During the 33rd Session of the Human Rights Council, IFOR Fellow Martina Lanza delivered the following statement about Ukrainian Conscientious Objectors and the situation facing young men who object to joining the fighting in Ukraine.
IFOR would like to draw the attention to the plight of young men everywhere in Ukraine who do not wish to become embroiled on either side of the ongoing armed conflict. Some face pressure to join separatist or anti-separatist militias; many more live under the threat of formal conscription into the Government armed forces, which they can avoid only by fleeing the country.
Conscription into the Armed Forces would be suspended following that Autumn's call-up. It became the 29th member state of the Council of Europe to join a fifty-year trend away from obligatory military service. Sadly, following the events of early 2014, it became the first to reintroduce conscription.
Only members of a few certain religious minorities may be recognised as conscientious objectors in Ukraine. Ukrainians whose objection is to fighting against their fellow citizens cannot use these provisions. Indeed, the extent to which human rights come under threat at a time of national emergency is dramatically illustrated by the fate of journalist Ruslan Kotsaba, who had been prominent in the “Euro-maidan” movement. For stating publicly that if called-up to take part in a “fratricidal war” he would refuse to go, he was sentenced to 42 months' imprisonment for treason. Laudably, in July this year he was on appeal found “not guilty”, but only after fifteen months' detention in conditions which had a severe effect on his health.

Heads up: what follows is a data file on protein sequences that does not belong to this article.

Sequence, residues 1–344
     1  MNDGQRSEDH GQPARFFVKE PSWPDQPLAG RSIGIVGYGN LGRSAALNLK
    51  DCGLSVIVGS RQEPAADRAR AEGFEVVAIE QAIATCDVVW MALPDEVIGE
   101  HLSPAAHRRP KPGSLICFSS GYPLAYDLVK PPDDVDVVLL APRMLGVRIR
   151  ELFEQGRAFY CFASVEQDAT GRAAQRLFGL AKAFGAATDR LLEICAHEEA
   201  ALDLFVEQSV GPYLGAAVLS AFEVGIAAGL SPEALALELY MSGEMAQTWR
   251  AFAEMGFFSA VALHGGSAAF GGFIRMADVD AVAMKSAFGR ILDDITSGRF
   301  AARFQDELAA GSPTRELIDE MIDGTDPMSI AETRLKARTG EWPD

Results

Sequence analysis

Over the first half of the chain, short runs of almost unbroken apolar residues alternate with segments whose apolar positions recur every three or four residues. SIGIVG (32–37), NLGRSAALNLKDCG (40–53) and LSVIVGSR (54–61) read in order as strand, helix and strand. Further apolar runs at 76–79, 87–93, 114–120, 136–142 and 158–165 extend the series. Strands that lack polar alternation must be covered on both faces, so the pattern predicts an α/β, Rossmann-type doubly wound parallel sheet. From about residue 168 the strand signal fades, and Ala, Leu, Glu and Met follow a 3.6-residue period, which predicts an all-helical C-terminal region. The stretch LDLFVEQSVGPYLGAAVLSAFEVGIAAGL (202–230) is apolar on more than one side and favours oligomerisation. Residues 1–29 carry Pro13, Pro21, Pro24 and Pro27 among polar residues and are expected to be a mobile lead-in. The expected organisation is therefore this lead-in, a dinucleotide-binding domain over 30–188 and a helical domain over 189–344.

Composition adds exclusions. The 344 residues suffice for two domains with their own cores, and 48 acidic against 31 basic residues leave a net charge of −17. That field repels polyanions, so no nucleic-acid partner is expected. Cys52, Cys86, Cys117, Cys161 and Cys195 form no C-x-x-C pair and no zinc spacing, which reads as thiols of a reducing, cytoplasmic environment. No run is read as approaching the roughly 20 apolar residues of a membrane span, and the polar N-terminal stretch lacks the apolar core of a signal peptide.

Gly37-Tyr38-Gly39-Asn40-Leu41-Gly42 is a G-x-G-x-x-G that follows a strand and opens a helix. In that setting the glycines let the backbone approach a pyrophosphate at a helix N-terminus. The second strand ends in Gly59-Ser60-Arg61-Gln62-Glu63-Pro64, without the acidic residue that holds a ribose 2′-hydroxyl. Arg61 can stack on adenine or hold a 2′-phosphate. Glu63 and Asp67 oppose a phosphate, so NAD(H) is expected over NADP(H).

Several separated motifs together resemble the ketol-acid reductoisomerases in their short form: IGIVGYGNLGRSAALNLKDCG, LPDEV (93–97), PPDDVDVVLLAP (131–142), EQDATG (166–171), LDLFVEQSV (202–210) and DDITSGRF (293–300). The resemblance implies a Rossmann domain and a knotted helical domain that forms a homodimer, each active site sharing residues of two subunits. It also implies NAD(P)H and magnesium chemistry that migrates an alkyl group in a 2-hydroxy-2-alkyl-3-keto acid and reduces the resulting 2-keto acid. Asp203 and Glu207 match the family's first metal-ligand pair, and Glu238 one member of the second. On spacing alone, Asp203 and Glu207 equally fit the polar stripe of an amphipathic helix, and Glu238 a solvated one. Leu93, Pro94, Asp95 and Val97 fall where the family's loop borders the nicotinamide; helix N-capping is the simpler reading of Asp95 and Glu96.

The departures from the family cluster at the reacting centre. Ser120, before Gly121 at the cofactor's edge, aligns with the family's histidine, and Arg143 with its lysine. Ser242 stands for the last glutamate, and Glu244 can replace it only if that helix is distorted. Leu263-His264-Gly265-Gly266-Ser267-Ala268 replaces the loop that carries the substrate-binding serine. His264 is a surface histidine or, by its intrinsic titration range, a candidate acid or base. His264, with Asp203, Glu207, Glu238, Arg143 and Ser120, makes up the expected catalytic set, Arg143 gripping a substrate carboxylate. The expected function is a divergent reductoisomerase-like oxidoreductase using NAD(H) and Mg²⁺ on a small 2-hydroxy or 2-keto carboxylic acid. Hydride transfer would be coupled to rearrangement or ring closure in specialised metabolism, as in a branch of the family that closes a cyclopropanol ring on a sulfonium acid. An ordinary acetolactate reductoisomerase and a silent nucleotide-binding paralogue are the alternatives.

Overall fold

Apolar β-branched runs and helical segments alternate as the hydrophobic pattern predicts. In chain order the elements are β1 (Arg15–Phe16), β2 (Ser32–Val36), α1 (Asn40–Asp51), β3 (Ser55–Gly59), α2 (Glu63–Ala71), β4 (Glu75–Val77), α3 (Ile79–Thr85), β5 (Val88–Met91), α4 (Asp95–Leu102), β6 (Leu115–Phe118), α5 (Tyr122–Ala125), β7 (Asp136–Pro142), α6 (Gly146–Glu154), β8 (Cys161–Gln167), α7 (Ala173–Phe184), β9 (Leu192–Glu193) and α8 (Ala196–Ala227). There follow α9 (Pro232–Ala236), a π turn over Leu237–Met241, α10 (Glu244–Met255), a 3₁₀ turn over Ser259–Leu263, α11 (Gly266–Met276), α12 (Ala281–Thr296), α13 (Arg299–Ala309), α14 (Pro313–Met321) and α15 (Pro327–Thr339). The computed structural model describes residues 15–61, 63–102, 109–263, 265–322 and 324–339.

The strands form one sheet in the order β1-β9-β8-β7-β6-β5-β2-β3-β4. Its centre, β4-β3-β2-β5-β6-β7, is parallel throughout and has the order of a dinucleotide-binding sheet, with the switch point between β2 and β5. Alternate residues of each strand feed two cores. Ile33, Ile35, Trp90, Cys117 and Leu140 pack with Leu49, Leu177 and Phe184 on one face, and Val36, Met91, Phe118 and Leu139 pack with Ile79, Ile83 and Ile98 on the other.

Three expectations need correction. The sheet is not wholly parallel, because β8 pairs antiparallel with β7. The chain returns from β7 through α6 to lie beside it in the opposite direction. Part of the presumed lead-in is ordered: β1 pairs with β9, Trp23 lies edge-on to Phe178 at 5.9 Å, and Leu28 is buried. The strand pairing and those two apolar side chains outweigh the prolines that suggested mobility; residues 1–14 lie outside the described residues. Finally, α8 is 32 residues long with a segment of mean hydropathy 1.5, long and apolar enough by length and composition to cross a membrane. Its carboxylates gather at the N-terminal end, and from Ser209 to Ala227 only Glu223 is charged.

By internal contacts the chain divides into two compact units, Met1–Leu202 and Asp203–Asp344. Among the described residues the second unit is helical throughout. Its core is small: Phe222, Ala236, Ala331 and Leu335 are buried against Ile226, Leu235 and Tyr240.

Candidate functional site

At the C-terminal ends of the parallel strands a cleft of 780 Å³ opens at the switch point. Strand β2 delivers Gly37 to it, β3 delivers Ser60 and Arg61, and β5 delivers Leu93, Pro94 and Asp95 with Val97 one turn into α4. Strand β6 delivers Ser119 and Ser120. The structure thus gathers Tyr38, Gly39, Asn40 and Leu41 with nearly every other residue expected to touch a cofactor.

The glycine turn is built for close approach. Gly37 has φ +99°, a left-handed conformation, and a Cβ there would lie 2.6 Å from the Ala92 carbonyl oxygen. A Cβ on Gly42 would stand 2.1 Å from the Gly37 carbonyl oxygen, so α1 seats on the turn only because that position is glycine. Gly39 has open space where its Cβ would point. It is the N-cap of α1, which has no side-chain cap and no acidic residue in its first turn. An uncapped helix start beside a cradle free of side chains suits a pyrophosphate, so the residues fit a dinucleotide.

IFOR calls on all States to offer protection, and where appropriate asylum, to those who would be at risk of embroilment in a conflict against their fellow-citizens were they to return to Ukraine and who have a conscientious objection to this.